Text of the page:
- Paperback: 125 pages
- Publisher: Ludwig Von Mises Inst; 2 edition (March 1996)
- ISBN-10: 0945466218
- ISBN-13: 978-0945466215
- Product Dimensions: 8.3 x 5.2 x 0.5 inches
- Shipping Weight: 6.4 ounces
- Average Customer Review: 4.7 out of 5 stars See all reviews (20 customer reviews)
- Amazon Best Sellers Rank: #2,559,181 in Books (See Top 100 in Books)
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The Austrian Theory of the Trade Cycle and Other Essays Paperback – March, 1996
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Top Customer Reviews
In fact, in my view, Garrison is the star of this review since his ability to keep it simple is a tremendous asset. Anyone familiar with the dark mutterings of academics in Austrian academic journals will know exactly what I'm talking about.
Aside from Garrison, the pieces by Rothbard and Harberler are the best since they tackle the central issue of Trade Cycle theory - that any system run by central bankers is inherently unstable since their tinkering with interest rates leads directly to the business cycle. Much better to have a competitive banking system without a central bank and a curency tied to gold. That way credit expansions will never be explosive. Of course, what they don't tell you is that their proposals are inherently deflationary and force deficit countries to do all adjustment when they experience balance of payments problems.
Rothbard's piece sets out the mechanics of the Trade Cycle especially well and everyone should be able to understand what he's getting at without too much difficulty. It's no more difficult than the average economics course on an MBA programme. That's hardly difficult, is it?
Readers wishing to understand the micro-economics of the Austrian school should also check out some of the recent publications of one Israel Kirzner.
And yet, "The Austrian Theory of the Trade Cycle" is a narrowly useful tool. It's like a tire gauge, that means everything when there's a problem with the tire, but tells nothing about gas or oil levels. I see few times when the average production supervisor, Sunday-school teacher or working mom would have occasion to read it.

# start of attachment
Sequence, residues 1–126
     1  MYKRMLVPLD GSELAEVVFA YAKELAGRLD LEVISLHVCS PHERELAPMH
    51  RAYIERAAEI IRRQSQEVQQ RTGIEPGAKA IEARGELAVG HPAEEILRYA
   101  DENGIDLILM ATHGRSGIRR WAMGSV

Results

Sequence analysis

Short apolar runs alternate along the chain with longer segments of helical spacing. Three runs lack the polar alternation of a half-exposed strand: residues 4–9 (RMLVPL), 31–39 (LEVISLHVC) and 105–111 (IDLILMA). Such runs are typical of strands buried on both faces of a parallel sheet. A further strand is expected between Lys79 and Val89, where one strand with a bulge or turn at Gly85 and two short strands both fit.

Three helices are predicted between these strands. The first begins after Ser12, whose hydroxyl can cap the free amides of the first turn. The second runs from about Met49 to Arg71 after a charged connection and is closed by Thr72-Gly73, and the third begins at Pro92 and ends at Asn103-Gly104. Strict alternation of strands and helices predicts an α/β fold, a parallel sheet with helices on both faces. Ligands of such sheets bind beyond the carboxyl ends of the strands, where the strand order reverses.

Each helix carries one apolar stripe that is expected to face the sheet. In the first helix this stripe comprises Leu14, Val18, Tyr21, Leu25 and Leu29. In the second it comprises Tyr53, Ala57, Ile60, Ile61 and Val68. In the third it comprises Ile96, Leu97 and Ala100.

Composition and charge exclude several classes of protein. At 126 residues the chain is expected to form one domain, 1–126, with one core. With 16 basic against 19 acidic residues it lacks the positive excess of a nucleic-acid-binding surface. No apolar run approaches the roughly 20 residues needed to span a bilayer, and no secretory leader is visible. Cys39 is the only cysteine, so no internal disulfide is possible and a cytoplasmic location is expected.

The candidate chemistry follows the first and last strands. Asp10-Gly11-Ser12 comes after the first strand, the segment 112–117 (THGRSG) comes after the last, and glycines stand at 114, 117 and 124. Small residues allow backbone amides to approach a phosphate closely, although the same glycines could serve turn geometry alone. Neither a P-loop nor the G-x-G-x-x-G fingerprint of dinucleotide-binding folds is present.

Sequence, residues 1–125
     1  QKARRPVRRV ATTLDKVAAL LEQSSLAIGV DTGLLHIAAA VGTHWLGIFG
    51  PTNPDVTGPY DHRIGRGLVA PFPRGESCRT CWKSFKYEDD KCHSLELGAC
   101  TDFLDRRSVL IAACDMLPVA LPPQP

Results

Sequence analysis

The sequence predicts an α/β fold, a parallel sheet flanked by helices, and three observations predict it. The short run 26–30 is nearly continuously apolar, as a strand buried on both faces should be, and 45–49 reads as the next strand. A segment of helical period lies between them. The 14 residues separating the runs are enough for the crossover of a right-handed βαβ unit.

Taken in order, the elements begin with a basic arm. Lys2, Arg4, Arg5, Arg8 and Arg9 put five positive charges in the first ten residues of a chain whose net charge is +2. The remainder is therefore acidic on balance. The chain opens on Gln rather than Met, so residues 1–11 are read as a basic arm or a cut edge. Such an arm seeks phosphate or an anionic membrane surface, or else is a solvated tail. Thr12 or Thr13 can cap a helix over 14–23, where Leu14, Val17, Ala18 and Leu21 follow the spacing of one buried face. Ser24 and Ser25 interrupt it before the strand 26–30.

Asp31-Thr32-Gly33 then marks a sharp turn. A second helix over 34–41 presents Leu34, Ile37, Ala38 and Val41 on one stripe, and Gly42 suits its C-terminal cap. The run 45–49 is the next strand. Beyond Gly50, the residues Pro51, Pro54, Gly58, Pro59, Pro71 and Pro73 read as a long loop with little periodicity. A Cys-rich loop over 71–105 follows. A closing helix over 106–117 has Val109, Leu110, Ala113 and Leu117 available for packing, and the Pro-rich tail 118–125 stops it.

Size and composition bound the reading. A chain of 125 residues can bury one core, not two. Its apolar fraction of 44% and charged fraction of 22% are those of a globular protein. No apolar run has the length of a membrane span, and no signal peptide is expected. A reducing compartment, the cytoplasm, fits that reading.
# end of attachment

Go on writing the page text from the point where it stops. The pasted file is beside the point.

In the introduction, Roger Garrison spells out the differences between the Austrian School and other movements in free-market economics. The Austrian School emphasizes the role of time in decision making. To think of an example, Joe wants to buy a car now that the interest rates are low. But if the interest rates are high, he'll put his money in the bank and wait a year until he replaces the family car.
Ludwig von Mises' essay, which lends its name to the book, reveals the international character of the Austrian School. The essay was translated out of the French, points back to the British Currency School, and alludes to the contribution of Knut Wicksell from Sweden. This theory was, nevertheless, developed by Austrians, beginning with Carl Menger. References to the University of Chicago and to the Ludwig von Mises Institute in Auburn, Alabama, bring the movement to a home in America.
The key point is that a boom produced and prolonged by easy bank money with government support will sooner or later contract into a bust when the easy money turns hard. Just ask any farmer who bought machinery on credit years ago, when inflation was rampant.
Gottfried Haberler demonstrates that economics is, in fact, difficult to reduce to mathematics.Read more ›
Most Recent Customer Reviews
What makes the Austrian economics school different to others? While their are numerous schools of thought which state government spending means more taxes from you, and less... Read morePublished 3 months ago by Meatloaf
Really helpful series of summaries explaining ABCT and how it distinguishes itself from other schools of thought. Read morePublished 11 months ago by Darian P
I like the clarity. I am pleased to gain such a profound understanding of the Market and how it works.
Mises and Hayek are presented in excellent English and easy style. Read more
gave it as a gift he liked it blah blah blah blah blahb labh albha blah blah blah blah blahPublished on January 6, 2013 by brady
This 1996 book contains essays by Ludwig von Mises, Gottfried Haberler, Murray Rothbard, and Friedrich Hayek, as well as an Introduction and summation by Roger Garrison (who is a... Read morePublished on February 16, 2012 by Steven H Propp
For anyone who wants to learn more about Austrian Economics or the Austrian Theory of the Trade Cycle, this is a great choice. Read morePublished on August 20, 2010 by Atilliar
If you don't know the first thing about economics you might want to read Henry Hazlitt's "Economics in One Lesson" first. Read morePublished on October 8, 2009 by W. B. Perry